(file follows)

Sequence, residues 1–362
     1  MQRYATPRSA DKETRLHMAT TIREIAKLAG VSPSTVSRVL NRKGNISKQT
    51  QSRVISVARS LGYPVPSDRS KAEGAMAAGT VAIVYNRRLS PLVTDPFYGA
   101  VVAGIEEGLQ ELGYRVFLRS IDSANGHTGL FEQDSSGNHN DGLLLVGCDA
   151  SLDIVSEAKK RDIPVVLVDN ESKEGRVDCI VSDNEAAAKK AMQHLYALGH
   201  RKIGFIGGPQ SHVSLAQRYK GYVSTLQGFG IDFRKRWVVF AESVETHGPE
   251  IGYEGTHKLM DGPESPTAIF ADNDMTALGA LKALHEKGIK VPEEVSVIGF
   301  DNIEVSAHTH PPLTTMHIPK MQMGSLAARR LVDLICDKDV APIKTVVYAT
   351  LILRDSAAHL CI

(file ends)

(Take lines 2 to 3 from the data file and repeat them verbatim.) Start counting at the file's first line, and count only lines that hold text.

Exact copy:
     1  MQRYATPRSA DKETRLHMAT TIREIAKLAG VSPSTVSRVL NRKGNISKQT
    51  QSRVISVARS LGYPVPSDRS KAEGAMAAGT VAIVYNRRLS PLVTDPFYGA